Russia to target Europe if its hosts US nuclear missiles

Putin warned if Washington decides to deliver its intermediate-range in Europe, then Moscow would respond

Photo: EPA Russian President Vladimir Putin at a joint news conference with Italian Prime Minister Giuseppe Conte

Russian President Vladimir Putin warned that Moscow would be forced to target any European country in case it agrees on hosting US nuclear missiles after Washington’s withdrawal from the decades-old arms control treaty. Speaking at a news conference after holding talks with Italian PM Giuseppe Conte in Moscow, Putin also stressed he wanted to discuss US plans to pull out of the Intermediate-Range Nuclear Forces (INF) Treaty with US President Donald Trump, when the two leaders meet in Paris on 11 November.

Germany was the first US ally to criticise the US decision on Monday, with Foreign Minister Heiko Maas urging Washington to consider the consequences both for Europe and for future disarmament efforts. In a statement, released later that day, the EU also asked Washington to reconsider its withdraw, stressing that "the world doesn’t need a new arms race.”

Russia's Deputy Foreign Minister Sergei Ryabkov also made a statement, saying that the treaty is "significant for international security and security in the sphere of nuclear arms, for the maintenance of strategic stability" and warning that a possible withdraw would be a very dangerous step that "will not only be comprehended by the international community, but will provoke serious condemnation."

US National Security Advisor John Bolton, however, told Putin on Tuesday that Washington would press ahead with plans to quit the pact despite objections from Russia and the other European countries.

When asked on Wednesday what Russia would do if Trump made good on his pledge to leave the treaty, Putin said: “Answering your question directly, can we respond - we can, and it will be very fast and very effective. If the United States does withdraw from the INF treaty, the main question is what they will do with these (intermediate-range) missiles that will once again appear. If they will deliver them to Europe, naturally our response will have to mirror this, and European countries that agree to host them, if things go that far, must understand that they are putting their own territory at risk of a possible counter-strike.”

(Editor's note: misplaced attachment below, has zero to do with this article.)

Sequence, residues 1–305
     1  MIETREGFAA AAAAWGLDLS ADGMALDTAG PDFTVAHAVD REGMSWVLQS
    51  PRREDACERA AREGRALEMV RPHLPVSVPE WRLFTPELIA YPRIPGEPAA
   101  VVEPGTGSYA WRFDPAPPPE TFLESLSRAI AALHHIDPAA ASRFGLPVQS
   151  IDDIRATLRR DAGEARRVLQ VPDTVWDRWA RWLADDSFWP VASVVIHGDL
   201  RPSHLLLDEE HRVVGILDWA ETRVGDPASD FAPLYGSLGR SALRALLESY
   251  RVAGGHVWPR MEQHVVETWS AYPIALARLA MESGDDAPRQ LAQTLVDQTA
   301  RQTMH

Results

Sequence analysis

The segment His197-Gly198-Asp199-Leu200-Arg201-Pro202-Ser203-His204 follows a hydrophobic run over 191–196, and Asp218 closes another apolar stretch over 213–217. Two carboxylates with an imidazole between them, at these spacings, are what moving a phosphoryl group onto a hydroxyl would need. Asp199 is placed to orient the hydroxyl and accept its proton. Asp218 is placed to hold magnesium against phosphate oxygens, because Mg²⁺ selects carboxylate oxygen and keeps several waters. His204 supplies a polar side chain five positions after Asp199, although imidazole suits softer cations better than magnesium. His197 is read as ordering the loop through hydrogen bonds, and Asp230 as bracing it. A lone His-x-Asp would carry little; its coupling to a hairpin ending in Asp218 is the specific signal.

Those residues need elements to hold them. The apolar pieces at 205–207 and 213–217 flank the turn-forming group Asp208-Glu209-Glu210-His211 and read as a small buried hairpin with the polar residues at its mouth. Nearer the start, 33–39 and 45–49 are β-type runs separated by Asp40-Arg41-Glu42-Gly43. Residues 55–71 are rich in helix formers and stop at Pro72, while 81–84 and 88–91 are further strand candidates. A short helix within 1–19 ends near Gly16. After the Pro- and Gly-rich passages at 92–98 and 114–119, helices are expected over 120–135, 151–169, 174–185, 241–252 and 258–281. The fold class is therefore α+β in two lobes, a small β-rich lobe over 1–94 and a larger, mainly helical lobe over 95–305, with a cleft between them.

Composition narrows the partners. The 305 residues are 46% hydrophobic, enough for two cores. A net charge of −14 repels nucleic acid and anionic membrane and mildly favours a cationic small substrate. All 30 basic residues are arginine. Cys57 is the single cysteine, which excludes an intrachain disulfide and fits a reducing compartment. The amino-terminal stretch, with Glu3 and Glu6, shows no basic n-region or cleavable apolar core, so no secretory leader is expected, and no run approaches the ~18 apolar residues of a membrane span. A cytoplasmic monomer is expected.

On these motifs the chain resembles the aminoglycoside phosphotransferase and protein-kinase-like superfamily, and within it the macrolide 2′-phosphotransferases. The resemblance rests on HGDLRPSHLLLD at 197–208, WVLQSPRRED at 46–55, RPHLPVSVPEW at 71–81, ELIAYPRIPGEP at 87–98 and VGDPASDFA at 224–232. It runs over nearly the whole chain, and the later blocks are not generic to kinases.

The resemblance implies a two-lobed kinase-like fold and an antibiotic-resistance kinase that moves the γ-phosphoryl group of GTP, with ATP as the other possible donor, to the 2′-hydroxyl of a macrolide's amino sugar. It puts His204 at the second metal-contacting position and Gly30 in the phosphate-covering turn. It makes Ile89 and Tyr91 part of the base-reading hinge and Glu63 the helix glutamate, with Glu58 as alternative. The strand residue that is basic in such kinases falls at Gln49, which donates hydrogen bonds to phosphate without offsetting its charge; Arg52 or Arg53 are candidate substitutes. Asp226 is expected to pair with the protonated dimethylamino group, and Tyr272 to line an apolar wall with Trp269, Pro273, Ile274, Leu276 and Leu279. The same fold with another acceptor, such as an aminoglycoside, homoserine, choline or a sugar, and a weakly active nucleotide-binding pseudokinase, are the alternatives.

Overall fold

Nevertheless, Putin said he did not understand why it was necessary to put Europe in such danger, adding it was a situation that Russia itself wanted to avoid if possible since it might cause the world to slip into an arms race. Especially since Washington's withdraw imperils the fate of another US-Russian arms control treaty - the new START pact - which governs strategic nuclear missile launchers and is due to expire in 2021. “If all this is dismantled, then nothing will be left when it comes to limiting the increase in arms,” said Putin. “And then the situation will be, in my view, extremely dangerous. All that will be left is an arms race.”

Signed by President Reagan and Soviet leader Mikhail Gorbachev in 1987, the Intermediate-Range Nuclear Forces Treaty (or INF) banned the US and Soviet Union from having "ground-launched ballistic and cruise missiles with ranges of between 500 and 5,500 kilometers," and required the destruction of the missiles, launchers and "associated support structures and support equipment." As a result, After the treaty's "entry-into-force" in 1988, the two countries eliminated 2,692 missiles.

For several years, however, US officials have accused Russia of violating the agreement. General Paul Selva, vice chairman of the Joint Chiefs, told Congress in March 2017 that military officials "believe that the Russians have deployed a land-based cruise missile that violates the spirit and intent" of the treaty. Before that the Obama administration had also claimed that Russia violated the INF treaty by testing a ground-launched cruise missile in 2014. 

And even though NATO’s Secretary-General Jens Stoltenberg blamed Russia for breaching the treaty, he seemed to disagree that the Washington's INF withdraw would lead to new deployments of US missiles in Europe. Instead, he stated that Russia has the option of deploying intermediate-range missiles in its European exclave of Kaliningrad on the Baltic Sea, a move that would put a swath of Europe in range.

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